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Hoffmann, R. A wiki for the life sciences where authorship matters. Nature Genetics (2008)
 
 
 
 
 

Fixed versus removable microdialysis probes for in vivo neurochemical analysis: implications for behavioral studies.

The levels of several neurochemicals, i.e., uric acid (UA), dopamine (DA), dihydroxyphenylacetic acid, and 5-hydroxyindoleacetic acid, collected daily from the rat striatum with either fixed or removable microdialysis probes for 7 days after surgery were compared. The implantation of the fixed cannula was followed by a 10-fold increase in the UA content in the dialysates collected from the first day after surgery onward and by a steady decrease in dihydroxyphenylacetic acid levels, whereas those of DA remained fairly stable. With the removable cannula system, only a smaller, transient increase in UA during the first 3 days after surgery was observed, with no change in DA or monoamine metabolites. The glial reaction around the cannula tracks was assessed by both quantitative histological techniques and measuring the glutamine levels in the dialysates collected at the time of surgery and 7 days later. Both the glial cell number and nuclear size, as well as the glutamine outflow, were considerably larger in the animals implanted with the fixed probes. It is, therefore, likely that the UA levels in the dialysate reflect the glial reaction to the probe. The suitability of the removable probe system for behavioral experiments involving repeated microdialysis sampling was illustrated in an experiment showing that the DA release in the nucleus accumbens of male rats assessed daily at postsurgery days 5-10 was virtually identical in three alternating sessions of sexual behavior as was the smaller release of this neurotransmitter detected during intervening nonsexual social interactions.[1]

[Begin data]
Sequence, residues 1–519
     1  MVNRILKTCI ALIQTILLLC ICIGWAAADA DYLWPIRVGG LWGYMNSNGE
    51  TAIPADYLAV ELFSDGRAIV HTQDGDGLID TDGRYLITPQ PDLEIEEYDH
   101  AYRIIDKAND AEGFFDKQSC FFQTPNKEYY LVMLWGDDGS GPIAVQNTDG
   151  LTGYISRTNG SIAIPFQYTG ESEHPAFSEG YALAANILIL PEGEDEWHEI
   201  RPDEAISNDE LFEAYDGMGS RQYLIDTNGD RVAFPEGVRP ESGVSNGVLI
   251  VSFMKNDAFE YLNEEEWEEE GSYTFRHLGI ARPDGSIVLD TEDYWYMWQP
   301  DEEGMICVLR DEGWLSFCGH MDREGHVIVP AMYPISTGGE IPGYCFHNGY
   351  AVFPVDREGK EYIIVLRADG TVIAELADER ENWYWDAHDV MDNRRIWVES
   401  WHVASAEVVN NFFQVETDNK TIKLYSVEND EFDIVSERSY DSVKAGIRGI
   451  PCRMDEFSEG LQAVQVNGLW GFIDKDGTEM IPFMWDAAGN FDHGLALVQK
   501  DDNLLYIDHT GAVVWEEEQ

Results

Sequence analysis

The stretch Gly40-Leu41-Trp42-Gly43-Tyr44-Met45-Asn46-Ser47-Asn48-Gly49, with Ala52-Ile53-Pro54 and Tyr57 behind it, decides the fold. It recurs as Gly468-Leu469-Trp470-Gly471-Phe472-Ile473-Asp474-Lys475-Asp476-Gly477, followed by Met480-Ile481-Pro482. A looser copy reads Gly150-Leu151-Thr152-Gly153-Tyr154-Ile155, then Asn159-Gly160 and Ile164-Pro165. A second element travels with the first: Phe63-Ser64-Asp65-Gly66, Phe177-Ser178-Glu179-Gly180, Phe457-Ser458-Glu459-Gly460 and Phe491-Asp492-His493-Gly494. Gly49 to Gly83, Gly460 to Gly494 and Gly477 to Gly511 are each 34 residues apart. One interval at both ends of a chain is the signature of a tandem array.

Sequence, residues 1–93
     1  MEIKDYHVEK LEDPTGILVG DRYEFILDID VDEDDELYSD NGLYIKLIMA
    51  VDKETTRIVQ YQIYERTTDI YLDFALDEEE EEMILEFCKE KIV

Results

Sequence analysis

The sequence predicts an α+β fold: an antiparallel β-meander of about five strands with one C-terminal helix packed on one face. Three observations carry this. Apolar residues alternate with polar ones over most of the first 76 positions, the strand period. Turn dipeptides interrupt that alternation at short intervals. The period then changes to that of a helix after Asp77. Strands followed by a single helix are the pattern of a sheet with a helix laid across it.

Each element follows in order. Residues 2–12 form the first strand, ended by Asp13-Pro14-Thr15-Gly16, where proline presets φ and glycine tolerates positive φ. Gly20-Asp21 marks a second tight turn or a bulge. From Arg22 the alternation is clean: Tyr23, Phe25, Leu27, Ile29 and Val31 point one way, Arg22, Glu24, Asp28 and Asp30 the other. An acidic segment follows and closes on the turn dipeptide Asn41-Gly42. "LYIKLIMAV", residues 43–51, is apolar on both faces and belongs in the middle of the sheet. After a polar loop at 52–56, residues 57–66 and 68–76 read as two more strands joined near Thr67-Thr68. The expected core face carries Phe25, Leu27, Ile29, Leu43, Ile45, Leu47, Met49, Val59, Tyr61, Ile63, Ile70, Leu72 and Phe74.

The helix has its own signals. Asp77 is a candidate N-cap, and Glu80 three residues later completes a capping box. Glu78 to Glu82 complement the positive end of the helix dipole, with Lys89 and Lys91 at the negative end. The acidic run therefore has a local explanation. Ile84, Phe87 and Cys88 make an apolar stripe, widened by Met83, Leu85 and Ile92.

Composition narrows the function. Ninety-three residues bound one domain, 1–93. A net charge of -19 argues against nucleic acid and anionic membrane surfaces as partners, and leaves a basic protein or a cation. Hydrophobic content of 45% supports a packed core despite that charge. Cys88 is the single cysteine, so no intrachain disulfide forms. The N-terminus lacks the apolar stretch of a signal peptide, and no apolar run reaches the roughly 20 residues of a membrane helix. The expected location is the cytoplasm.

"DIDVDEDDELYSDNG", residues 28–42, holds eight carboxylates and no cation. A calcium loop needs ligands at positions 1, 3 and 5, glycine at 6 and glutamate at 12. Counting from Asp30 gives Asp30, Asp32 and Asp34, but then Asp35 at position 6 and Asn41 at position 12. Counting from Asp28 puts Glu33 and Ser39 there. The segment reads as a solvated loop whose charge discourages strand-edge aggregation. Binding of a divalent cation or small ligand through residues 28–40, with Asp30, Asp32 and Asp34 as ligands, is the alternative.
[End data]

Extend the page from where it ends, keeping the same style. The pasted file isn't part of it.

References

  1. Fixed versus removable microdialysis probes for in vivo neurochemical analysis: implications for behavioral studies. Fumero, B., Guadalupe, T., Valladares, F., Mora, F., O'Neill, R.D., Mas, M., Gonzalez-Mora, J.L. J. Neurochem. (1994) [Pubmed]
 
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